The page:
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Comparative Literature Studies 42.2 (2005) 130-161


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Air War Prophecy And Interwar Modernism

Pomona College
The sirens sound. Schoolchildren, factory hands, housewives, office workers, one and all don their gas masks. Whirring planes overhead lay down a blanket of protective smoke. Cellars open to receive their refugees. Red Cross stations to succor the stricken and the wounded are opened at improvised shelters: underground vaults yawn to receive the gold and securities of the banks: masked men in asbestos suits attempt to gather up the fallen incendiary bombs. Presently the anti-aircraft guns sputter. Fear vomits: poison crawls through the pores. Whether the attack is arranged or real, it produces similar psychological effects. Plainly, terrors more devastating and demoralizing than any known in the ancient jungle or cave have been re-introduced into modern urban existence. Panting, choking, spluttering, cringing, hating, the dweller in Megalopolis dies, by anticipation, a thousand deaths. Fear is thus fixed into routine: the constant anxiety over war produces by itself a collective psychosis comparable to that which active warfare might develop. Waves of fear and hatred rise in the metropolis and spread by means of the newspaper and the newsreel and the radio program to the most distant provinces.1

The above passage, from Lewis Mumford's The Culture of Cities (1938), describes a sequence of events in what Mumford calls the "war capital" or "war metropolis." The events constitute an emergency, clearly, but for Mumford they are more importantly a routine: the metropolis, in this account, is a space where the civil defense crisis has become ritualized, quotidien, a general rather than an exceptional case: the city, in other words, [End Page 130] as battlefield or trauma ward. But more unnerving than this depiction of the routinization of emergency, more disturbing even than its vivid and primitivist take on urban terror, is Mumford's claim that "Whether the attack is arranged or real, it produces similar effects." The disaster that arrives and the disaster that may be about to arrive have equal powers here to engender a "collective psychosis"; the real war and the rehearsal for war become psychotically indistinct, nearly interchangeable backdrops before which the highly automated ritual of anticipation, dread, and mass-traumatization is enacted. By refusing to identify the event he describes as real or as rehearsal, Mumford suspends his reader, too, between the horror of the event and the horror of the drill in preparation for it, in the very space of future conditional anxiety inhabited by the war capital's citizens. In that space, the reader experiences at the hands of Mumford's tightly regulated prose a miniaturized version of what the citizen experiences in the air raid drill: "the materialization of a skillfully evoked nightmare" (275).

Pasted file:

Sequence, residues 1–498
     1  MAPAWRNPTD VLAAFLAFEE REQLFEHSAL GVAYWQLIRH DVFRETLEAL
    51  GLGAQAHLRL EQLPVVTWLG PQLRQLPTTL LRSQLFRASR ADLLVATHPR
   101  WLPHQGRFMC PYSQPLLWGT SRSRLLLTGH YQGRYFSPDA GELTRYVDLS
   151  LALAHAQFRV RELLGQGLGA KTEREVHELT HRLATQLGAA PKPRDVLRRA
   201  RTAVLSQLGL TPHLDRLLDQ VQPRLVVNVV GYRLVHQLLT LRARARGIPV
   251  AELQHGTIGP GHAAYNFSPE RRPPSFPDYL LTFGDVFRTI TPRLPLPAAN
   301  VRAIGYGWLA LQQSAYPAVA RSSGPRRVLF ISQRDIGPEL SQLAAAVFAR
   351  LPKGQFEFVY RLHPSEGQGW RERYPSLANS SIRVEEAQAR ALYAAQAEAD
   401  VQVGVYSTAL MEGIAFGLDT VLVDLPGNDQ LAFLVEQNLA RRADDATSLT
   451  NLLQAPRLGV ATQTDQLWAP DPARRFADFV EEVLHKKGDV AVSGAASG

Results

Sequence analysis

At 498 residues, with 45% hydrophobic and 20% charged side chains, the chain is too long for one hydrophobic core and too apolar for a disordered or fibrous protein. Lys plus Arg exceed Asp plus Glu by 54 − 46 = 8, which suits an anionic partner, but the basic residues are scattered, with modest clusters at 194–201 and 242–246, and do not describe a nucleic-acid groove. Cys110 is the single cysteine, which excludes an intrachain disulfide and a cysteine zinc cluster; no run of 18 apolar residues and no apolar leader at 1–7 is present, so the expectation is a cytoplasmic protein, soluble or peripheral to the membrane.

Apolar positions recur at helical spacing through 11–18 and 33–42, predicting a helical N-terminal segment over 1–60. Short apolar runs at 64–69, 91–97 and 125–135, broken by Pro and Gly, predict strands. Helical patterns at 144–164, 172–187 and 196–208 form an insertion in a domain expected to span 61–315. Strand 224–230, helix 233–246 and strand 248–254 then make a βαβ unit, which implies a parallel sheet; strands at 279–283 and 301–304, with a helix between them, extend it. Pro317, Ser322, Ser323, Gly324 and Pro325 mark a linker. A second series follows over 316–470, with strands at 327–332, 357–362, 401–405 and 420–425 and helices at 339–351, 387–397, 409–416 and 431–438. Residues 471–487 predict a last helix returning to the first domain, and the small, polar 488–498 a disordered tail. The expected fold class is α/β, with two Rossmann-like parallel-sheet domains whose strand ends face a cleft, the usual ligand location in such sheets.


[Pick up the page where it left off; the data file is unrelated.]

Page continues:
Entitled "A Brief Description of Hell," the section of The Culture of Cities that recounts the air raid alert does so in order to provide one example of a more general phenomenon: the assault on "all the higher activities of society" by what, masquerading as peacetime, is "equally a state of war: the passive war of propaganda, war-indoctrination, war-rehearsal: a preliminary maneuvering for position" (278; 275). In what follows I wish to take seriously Mumford's suggestion that a "collective psychosis" might be instigated by pre-war anxiety—that is, by the eventuality of a future conditional war as much as by the actual event of war. However, what is for Mumford only an example—the aerial bombardment of cities as a military practice that occasioned disciplined civilian rehearsals—will be my main ground. I argue that the memory and dread of aerial bombing not only figured prominently in interwar public discourse and the concurrent urban imaginary, but also constituted the locus classicus for a kind of proleptic mass-traumatization, a pre-traumatic stress syndrome whose symptoms arose in response to an anticipated rather than an already realized catastrophe. Making such an argument will entail treating the lexicon of futurity—terms such as premonition, prevision, prophecy, prolepsis, foresight, forethought, anticipation—in a non-magical fashion, or...

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Additional Information

ISSN
1528-4212
Print ISSN
0010-4132
Pages
pp. 130-161
Launched on MUSE
2005-10-20
Open Access
No
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